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Courier's History Corner - Stagecoach Stops

By Carol Wier Special to the Courier

A glimpse at some of Bandera County's history

Stagecoach stops were yesteryear's B & B's. Before the days of railroads, they were the way to travel across Texas. As small isolated hamlets spotted the countryside, stagecoaches provided early communication between townsfolk.
In the mid 1800s, not only did they take passengers back and forth, but also mail and sometimes merchandise.
In Texas, Indianola was the starting point for immigrants with travelers moving inland to Port Lavaca, Gonzales, San Antonio, New Braunsfels and even Fredericksburg.
I can still remember that scene in “The Music Man” where the Wells Fargo Wagon came into town with all the people- including a young (future director) Ron Howard, were super excited in anticipation.
Many towns grew up around the stagecoach stops such as this stop in Sabinal (formerly Hammer's Station). Thomas B. Hammer established a stagecoach stop on the Sabinal River whose remnants remain to this day.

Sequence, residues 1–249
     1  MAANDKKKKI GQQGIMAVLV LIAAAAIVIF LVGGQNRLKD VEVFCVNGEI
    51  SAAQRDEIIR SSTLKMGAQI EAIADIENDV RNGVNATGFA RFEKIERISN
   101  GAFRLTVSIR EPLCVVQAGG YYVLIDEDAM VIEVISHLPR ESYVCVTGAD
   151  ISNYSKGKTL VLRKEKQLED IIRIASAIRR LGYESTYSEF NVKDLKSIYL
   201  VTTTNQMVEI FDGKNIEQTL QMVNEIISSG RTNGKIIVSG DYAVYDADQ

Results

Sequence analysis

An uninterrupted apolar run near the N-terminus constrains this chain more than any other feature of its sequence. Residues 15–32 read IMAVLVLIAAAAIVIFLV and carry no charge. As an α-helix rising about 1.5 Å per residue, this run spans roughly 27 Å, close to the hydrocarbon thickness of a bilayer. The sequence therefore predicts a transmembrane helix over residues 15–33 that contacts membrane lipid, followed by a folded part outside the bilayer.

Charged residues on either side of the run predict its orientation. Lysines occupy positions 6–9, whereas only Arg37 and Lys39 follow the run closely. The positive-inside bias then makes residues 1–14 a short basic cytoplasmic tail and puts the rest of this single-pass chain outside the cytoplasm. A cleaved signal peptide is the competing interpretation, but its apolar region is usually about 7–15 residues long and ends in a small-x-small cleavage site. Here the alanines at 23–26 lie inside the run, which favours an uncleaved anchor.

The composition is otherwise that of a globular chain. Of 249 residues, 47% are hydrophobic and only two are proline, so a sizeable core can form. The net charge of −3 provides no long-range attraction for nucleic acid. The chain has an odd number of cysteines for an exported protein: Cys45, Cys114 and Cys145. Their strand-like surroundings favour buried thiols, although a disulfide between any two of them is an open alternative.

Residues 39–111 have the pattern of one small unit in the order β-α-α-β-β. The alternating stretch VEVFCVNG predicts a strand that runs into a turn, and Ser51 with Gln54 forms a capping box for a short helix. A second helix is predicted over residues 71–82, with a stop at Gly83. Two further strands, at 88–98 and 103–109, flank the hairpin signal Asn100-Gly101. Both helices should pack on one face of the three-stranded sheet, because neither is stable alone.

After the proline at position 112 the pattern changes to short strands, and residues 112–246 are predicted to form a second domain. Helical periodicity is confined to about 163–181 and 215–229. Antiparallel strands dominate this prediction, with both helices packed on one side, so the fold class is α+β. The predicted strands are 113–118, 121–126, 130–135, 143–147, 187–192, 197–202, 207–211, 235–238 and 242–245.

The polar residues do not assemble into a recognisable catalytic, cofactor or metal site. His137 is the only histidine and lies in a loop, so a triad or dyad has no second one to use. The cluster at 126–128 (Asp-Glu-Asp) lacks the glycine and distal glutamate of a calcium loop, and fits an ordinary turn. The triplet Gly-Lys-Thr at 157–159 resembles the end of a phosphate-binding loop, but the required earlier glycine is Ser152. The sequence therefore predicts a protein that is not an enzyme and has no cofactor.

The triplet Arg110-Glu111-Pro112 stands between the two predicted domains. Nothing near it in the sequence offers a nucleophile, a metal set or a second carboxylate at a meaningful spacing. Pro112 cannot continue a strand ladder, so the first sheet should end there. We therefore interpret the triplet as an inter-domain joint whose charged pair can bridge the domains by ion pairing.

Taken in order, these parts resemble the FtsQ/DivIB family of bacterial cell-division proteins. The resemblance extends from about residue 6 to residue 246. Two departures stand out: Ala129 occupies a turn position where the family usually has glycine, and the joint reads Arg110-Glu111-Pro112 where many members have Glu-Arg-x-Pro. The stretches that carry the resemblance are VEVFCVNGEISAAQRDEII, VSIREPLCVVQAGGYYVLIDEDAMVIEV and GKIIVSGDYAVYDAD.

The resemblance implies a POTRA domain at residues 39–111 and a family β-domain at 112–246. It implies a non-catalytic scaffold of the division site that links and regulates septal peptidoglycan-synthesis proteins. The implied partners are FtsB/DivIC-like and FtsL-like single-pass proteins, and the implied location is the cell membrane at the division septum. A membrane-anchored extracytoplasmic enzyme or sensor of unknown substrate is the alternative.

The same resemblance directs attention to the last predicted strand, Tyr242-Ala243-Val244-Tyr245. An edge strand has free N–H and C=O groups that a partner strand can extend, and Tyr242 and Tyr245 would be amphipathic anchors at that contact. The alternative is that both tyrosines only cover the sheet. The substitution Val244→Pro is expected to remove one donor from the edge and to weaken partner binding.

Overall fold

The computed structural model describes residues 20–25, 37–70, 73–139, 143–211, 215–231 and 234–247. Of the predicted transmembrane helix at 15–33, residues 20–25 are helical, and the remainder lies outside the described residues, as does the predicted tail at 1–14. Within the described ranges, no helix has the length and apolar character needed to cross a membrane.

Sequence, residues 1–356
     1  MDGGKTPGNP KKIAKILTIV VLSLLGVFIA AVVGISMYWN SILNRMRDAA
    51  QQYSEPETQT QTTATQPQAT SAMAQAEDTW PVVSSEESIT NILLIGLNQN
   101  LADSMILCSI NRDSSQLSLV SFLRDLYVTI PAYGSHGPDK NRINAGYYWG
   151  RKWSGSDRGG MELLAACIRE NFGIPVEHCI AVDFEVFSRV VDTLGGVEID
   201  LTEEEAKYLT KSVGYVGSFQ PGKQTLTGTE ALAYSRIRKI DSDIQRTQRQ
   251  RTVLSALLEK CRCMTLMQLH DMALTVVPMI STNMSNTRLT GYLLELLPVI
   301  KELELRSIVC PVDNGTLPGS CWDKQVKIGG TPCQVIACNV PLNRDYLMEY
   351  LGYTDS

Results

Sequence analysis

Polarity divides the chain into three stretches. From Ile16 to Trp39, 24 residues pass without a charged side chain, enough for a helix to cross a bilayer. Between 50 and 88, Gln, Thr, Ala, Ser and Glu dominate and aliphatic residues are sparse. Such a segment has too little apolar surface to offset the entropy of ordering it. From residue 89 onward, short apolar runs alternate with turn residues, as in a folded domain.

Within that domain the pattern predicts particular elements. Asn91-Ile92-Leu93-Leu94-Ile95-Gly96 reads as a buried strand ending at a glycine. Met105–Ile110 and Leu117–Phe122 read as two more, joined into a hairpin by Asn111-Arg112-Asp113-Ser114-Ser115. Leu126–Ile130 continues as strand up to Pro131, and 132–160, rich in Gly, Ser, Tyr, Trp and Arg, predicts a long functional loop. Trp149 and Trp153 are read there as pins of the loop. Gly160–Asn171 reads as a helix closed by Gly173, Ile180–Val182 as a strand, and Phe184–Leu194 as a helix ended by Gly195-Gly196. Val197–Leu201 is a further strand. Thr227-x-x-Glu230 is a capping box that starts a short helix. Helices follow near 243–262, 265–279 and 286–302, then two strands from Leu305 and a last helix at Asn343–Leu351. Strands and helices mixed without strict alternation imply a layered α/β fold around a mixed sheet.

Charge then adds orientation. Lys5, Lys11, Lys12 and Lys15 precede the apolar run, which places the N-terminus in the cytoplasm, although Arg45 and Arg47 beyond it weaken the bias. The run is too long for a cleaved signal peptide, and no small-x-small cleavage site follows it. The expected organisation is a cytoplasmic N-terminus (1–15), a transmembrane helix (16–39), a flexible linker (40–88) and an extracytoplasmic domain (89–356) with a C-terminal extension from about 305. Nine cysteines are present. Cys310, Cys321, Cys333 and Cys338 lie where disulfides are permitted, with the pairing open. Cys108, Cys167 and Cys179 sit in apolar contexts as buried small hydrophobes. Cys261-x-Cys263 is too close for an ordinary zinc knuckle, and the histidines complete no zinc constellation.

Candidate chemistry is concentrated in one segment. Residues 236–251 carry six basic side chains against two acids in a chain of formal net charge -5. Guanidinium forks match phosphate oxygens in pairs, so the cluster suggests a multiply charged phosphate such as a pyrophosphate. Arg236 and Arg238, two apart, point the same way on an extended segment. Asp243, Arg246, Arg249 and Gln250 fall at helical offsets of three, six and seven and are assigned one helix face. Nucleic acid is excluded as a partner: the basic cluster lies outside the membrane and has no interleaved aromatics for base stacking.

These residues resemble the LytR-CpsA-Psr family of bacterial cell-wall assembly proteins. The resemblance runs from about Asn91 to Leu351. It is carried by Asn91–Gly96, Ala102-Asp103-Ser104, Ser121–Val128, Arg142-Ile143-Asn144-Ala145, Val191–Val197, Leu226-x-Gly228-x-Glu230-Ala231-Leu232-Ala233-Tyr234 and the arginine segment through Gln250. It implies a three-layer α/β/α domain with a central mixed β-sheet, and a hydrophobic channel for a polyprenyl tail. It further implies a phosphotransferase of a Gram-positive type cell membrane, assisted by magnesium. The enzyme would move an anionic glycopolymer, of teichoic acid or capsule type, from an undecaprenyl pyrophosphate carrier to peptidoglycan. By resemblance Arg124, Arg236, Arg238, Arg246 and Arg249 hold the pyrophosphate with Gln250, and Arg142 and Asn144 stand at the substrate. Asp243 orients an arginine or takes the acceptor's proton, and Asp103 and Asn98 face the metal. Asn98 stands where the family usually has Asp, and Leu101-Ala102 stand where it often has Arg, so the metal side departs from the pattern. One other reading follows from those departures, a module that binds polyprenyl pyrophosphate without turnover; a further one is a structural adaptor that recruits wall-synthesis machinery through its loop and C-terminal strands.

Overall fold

According to the Texas Historical Association online, “a soldier by the name of Ansterman, who arrived at Hammer's Station in the late 1850s en rout from Del Rio to Castroville, recalled a community hungry for news from the outside world. He also remembered seeing long trains of freight wagons on the road by Hammer's Station carrying supplies to settlers and soldiers on the far western frontier.”
Opposite the stagecoach stop was Camp Sabinal. Home of the Second United States Cavalry. Their job was to protect the settlers and their commerce from the outlaws and indians.
In my mind, every time I pass this spot on U.S. Highway 90 just west of town I can “see” all the hustle and bustle in my “mind's eye.”
Stagecoach Inns abound in Texas, many on private property, but if you search, you will find these windows into yesteryear when Texas was a wild and unsettled place.